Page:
San Diego Union-Tribune

December 6, 2001

'Friendly fire' still a killer despite weapons advances

By OTTO KREISHER 
COPLEY NEWS SERVICE 

WASHINGTON -- The grossly misnamed phenomenon of "friendly fire," which took a heavy toll in the Persian Gulf War, has struck again, inflicting more U.S. casualties in Afghanistan than enemy fire.

An unfortunate feature of war throughout history, fratricide or friendly fire has not been eliminated by the advent of high-tech weapons and may be more troubling as sophisticated standoff munitions, which are fired from a great distance, reduce total U.S. casualties, experts say.

A precision-guided bomb dropped by an Air Force B-52 hit too close to friendly forces near Kandahar, killing three American special operations troops and five anti-Taliban fighters yesterday. Nineteen Americans and at least 20 friendly Afghans were wounded by the powerful 2,000-pound Joint Direct Attack Munition.

Last week, five U.S. special forces soldiers and a number of Northern Alliance fighters were wounded when a U.S. fighter dropped a similar weapon in the wrong location during the escape attempt by Taliban prisoners near Mazar-e Sharif.

So far, enemy fire apparently has killed one American, a CIA operator, and has wounded one soldier.

Yesterday's tragedy is a familiar story to military veterans.

"Any time you get to a situation where the forces are close together, or are in isolated situations where it's hard to differentiate between friend and foe, there's going to be trouble," said retired Army Lt. Col. Andrew Krepinevich.

"This is not a new environment there in Afghanistan. It's just the factor of close air support, a fluid, difficult situation," said retired Rear Adm. Stephen Baker, a veteran Navy attack pilot.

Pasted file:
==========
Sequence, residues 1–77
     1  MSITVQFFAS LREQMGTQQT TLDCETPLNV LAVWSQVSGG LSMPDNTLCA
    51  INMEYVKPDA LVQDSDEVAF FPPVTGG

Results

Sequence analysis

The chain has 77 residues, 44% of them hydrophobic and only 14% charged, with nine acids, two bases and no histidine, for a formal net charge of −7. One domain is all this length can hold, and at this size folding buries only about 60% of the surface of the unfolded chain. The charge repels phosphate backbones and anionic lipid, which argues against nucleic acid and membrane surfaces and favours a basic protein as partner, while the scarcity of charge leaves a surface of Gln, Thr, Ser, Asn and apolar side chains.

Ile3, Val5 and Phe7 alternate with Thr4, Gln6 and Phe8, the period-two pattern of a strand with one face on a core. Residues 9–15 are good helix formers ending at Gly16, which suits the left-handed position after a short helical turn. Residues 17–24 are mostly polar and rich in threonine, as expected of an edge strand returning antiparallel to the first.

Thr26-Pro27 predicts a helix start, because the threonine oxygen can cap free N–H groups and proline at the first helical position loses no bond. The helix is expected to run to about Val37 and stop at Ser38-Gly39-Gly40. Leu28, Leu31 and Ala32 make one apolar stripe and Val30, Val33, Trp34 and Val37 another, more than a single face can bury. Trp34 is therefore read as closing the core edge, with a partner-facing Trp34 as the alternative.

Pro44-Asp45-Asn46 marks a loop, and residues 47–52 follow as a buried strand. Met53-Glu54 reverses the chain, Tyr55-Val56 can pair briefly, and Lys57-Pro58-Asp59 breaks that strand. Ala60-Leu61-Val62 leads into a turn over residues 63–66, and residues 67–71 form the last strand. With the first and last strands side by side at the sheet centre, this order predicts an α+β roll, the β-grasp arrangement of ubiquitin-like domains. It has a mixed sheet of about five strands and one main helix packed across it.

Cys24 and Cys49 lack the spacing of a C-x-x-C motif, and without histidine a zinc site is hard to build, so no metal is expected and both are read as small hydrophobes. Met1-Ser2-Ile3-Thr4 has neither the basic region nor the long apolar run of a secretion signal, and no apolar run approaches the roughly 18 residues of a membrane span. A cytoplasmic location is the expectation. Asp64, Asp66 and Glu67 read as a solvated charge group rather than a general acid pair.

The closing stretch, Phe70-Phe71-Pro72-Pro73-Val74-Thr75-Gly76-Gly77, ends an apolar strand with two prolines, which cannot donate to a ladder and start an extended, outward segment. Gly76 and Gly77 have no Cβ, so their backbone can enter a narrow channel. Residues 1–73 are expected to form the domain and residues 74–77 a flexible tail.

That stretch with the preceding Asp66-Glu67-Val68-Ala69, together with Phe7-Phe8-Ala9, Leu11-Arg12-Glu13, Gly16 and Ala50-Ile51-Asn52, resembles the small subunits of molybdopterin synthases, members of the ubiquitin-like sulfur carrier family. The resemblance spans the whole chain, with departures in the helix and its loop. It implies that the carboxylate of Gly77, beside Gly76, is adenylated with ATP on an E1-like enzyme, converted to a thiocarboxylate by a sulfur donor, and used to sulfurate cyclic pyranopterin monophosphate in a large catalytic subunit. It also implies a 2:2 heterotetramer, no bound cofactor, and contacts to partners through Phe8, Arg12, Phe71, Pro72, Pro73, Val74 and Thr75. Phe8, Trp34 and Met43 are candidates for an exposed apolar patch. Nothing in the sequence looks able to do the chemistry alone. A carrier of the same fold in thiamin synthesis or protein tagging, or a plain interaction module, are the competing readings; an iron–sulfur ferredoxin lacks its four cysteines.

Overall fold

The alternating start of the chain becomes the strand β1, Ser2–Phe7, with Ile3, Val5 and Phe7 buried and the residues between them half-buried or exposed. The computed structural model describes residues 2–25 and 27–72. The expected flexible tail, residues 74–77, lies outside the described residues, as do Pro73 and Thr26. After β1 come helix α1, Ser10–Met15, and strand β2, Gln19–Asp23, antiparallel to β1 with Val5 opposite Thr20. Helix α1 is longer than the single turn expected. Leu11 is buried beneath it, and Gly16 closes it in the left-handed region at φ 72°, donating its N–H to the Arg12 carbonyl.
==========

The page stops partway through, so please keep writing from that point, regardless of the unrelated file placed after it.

U.S. Central Command and Pentagon spokesmen said the cause of the accident was unknown.

"This is not something we accept," Marine Maj. Brad Lowell said at Central Command headquarters in Tampa, Fla. "But it does happen."

This incident and the tragic record of the Gulf War demonstrate that the advent of high-tech weapons has not eliminated such accidents. Ironically, as sophisticated standoff munitions reduce total U.S. casualties, the friendly fire losses become more troubling, experts note.

That was the case in the 1991 Gulf War, the first of the relatively bloodless "Nintendo wars," in which high-tech weapons allowed the American-led coalition to inflict vastly disproportionate casualties on the Iraqi army.

But in 27 recorded instances of fratricide, those same U.S. weapons killed or wounded 107 American troops and 22 British soldiers -- 17 percent of their total casualties during the war.

Some of the first friendly fire casualties of the Gulf War involved Camp Pendleton-based 1st Marine Division troops, who were hit by Air Force jets while fighting off an Iraqi attack near the Saudi city of Khafji.

But those fratricide losses pale in comparison to past wars.

In Vietnam, the heavy use of artillery and close air support helped countless Army and Marine ground units survive desperate fights with superior enemy forces. But that same firepower, used during close combat, inflicted hundreds of unintended casualties on U.S. troops.

During World War II, fratricide incidents caused thousands of casualties, which were little noticed in the bloody conflict.